Intro to Experimentation

Intro to Experimentation - Data Acquisition And Analysis...

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Data Acquisition And Analysis Objective: To gain familiarity with some of the measurement tools you will use in lab this semester. To learn how to measure distance with a motion sensor and force with a force sensor. To acquire experimental data, present it both statistically and graphically and become skilled at its analysis and interpretation. Apparatus: Motion sensor, force sensor, LabPro interface, computer & keyboard Introduction This lab serves as an introduction to the tools you will use to gather and analyze experimental data. Data analysis is important in any scientific, technical or health-care discipline, where it is used for critical decisions and thinking. In addition, the familiarity you develop with these instruments and software will come in handy when they are used many times throughout the semester. In the first part of the lab you will generate data by measuring your own reaction time; your lab partner will then repeat the experiment and you will analyze the data and compare your results. In the second part of the lab, you will tinker with a motion sensor and a force sensor to become familiar with them. Theory of Uncertainty and Measurement A scientist or engineer collects experimental data by taking measurements. You have certainly collected experimental data in your life – perhaps by finding out how much you weigh, how tall you are, or how fast you have run a certain distance. Let's assume that you know your height to be 5'6” (168 cm), your weight 140 lb (64 kg) and your time in the 100 meter dash 12.16 seconds – how valid are these numbers? Are you exactly 168 cm tall, and not 168.0625 cm (5'6 1 / 8 ”) tall? How does your 140 lb weight as measured on your $20 bathroom scale compare to your weight measured on a calibrated pharmaceutical scale used to weigh the ingredients at a manufacturing plant? To answer these questions, you will need to understand three basic concepts – uncertainty, precision and accuracy. You may have used the last two interchangeably in everyday life, but here in the laboratory we will make an important distinction between the two. Precision and accuracy are two different things - you can have data with high precision but low accuracy, and vice versa.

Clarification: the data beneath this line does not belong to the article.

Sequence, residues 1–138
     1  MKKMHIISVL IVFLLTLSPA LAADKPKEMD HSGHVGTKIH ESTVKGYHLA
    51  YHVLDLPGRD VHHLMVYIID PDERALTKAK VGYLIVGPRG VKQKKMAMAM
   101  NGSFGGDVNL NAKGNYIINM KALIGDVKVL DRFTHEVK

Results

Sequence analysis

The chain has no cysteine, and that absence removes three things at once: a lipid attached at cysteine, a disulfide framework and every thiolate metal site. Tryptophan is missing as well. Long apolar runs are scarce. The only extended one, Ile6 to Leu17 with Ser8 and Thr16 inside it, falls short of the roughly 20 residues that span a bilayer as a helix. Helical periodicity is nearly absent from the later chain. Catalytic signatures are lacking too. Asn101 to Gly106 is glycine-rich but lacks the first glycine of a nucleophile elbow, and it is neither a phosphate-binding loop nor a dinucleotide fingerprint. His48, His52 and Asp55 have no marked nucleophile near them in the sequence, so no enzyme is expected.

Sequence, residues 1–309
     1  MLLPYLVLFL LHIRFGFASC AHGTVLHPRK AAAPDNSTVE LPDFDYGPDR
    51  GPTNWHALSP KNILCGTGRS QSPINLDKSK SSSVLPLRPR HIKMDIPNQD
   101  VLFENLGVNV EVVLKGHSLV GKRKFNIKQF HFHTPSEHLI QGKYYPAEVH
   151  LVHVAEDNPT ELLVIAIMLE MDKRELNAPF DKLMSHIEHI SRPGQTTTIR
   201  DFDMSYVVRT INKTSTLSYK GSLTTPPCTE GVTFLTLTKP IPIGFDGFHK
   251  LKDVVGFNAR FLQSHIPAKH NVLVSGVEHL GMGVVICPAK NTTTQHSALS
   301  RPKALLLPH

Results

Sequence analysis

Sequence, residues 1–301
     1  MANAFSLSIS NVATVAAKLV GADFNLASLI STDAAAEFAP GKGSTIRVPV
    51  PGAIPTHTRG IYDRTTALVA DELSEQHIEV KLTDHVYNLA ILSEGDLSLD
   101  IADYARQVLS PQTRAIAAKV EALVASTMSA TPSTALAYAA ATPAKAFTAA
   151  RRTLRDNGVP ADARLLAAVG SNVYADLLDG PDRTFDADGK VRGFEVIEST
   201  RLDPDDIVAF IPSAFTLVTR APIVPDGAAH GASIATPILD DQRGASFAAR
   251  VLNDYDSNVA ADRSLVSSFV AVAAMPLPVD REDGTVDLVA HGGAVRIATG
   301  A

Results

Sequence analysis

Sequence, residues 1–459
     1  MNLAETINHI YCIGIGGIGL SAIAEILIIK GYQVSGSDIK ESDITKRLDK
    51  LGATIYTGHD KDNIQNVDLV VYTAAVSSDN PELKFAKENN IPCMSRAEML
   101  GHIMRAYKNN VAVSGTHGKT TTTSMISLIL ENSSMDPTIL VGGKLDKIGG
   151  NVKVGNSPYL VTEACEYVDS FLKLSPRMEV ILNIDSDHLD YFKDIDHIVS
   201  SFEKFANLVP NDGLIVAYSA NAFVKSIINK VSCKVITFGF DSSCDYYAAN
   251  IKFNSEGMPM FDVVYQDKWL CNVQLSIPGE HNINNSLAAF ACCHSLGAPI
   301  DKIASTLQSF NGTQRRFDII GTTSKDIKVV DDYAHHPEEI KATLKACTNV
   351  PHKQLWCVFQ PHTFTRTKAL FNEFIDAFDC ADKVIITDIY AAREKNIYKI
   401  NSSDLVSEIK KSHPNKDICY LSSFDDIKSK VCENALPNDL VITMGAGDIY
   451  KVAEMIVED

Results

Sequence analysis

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Uncertainty: There are two types of uncertainties you will encounter in the lab: Systematic Uncertainties and Random Uncertainties . Systematic uncertainties cause a measurement to be skewed in a certain direction, i.e., consistently large or consistently small. For example, weighing yourself repeatedly on a bathroom scale that has has an initial reading of 20 lbs will result in your always appearing to be heavier than you actually are. This form of uncertainty can be removed, once identified – in this case you can just zero the scale using the little ridged knob (calibration).
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